Sub Terra designer Tim Pinder on his aim to create a co-op game with lasting appeal

Tim Pinder
Inside the Box Games had a very good UK Games Expo. As well as demoing their titles to thousands of gamers, the London-based indie games publisher scooped two awards: Best Card Game 2017 for Statecraft and Best European Style Game 2017 for Sub Terra.

Sub Terra actually started life at the show last year, when creator Tim Pinder took the concept to Wyvern’s Lair – a strand of UK Games Expo that puts designers together in the same room with individuals who make, publish and distribute games. It was there that Pinder met Inside the Box founder Peter Blenkharn and 12 months (and one very successful Kickstarter campaign) later, the game is readying to land in the hands of backers in November.

We caught up with Pinder at this year’s UK Games Expo to talk about the brilliant reaction to his first published game and where he first got the idea for Sub Terra.

Is Sub Terra your first taste of game design?
Sub Terra is my first published game. I’ve been designing board games casually for the last three years now, but my main career is in the video games industry as an AI programmer. I’ve always been interested in board games but to go from making a prototype and playing it with friends to creating a boxed product is something I hadn’t considered before. It’s been a fun year!

Where did the idea for Sub Terra come from?
The theme is very similar to the film The Descent, and it certainly helped me solidify the theme once I’d got the concept in place, but I didn’t set out to make a board game version of that film. I like challenges. With all the prototypes I was creating, I was never setting out to make a saleable product. I was never looking to fill a gap in any market; I was just satisfying my own curiosity.

I noticed that in my main play group, we played a lot of competitive games but we didn’t play many co-operative games, and when we did, we only played them once or twice because we figured out how to solve them and then left them alone. Pandemic is a good example of this. Pandemic is a wonderful game for the audience it’s pitched to, but for people that play a lot of games, once you’ve identified the main strategies involved, it loses a lot of its appeal. So I identified that making co-op games that have lasting appeal is difficult, so I wanted to make one that I would find entertaining for a long period of time.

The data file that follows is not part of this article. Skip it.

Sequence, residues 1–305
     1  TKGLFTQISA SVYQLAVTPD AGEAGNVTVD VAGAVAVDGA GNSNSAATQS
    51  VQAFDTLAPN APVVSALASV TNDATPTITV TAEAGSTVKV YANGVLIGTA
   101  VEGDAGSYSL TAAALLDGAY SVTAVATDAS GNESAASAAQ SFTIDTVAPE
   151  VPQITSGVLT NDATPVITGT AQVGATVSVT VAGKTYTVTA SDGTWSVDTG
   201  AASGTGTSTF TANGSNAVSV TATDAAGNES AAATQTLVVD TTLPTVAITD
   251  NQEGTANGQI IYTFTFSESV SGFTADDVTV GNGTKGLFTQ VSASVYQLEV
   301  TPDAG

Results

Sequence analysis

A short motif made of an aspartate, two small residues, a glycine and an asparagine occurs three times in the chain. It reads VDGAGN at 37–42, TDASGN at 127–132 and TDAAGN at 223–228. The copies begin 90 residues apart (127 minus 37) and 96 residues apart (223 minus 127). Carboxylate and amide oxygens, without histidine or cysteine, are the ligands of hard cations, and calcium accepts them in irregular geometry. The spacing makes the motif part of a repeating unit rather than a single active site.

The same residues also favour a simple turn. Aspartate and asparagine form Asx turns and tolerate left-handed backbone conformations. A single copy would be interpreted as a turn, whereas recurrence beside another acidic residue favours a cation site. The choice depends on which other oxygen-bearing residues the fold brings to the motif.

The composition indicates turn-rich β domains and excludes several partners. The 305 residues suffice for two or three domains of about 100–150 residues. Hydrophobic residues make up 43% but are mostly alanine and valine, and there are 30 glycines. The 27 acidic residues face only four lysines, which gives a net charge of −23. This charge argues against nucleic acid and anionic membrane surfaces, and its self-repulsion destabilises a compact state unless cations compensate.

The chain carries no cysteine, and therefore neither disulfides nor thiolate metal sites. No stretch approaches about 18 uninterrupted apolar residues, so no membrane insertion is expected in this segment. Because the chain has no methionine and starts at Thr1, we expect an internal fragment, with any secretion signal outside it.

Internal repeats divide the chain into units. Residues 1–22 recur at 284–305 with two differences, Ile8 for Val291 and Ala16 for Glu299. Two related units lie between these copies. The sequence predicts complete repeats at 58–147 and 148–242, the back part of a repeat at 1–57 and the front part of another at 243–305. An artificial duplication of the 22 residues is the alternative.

I get bored very easily and when you get bored of testing your own game, that’s usually the time I would stop and move onto something else. The nice thing about Sub Terra was that even having gone through several months of development and several different iterations of the game; I was still having fun with it.


What part did last year’s UK Games Expo play in making your concept for Sub Terra into a reality?
My brother had seen the Wyvern’s Lair competition online [UK Game Expo’s Wyvern’s Lair aims to put designers together in the same room with individuals who make, publish and distribute games in the hope of helping concepts get made] and he said I should go and try my luck. Sub Terra was my best candidate for that and I paid attention to the brief that was given, submitted a one page pitch document and then the top ten finalists go through to the day. I got through the first round and then had to prepare a four minute presentation to try and sell my idea to the publishers. I’m not a huge fan of public speaking so it was daunting but it went pretty well.

I got a fair bit of publisher interest on the day itself and the audience seemed really enthused as well. It was really nice. I’d never had that kind of personal feedback to something I had created myself. I’ve worked on video games before that people have liked but they’re always collaborative efforts, so it was rewarding to have that nice feedback.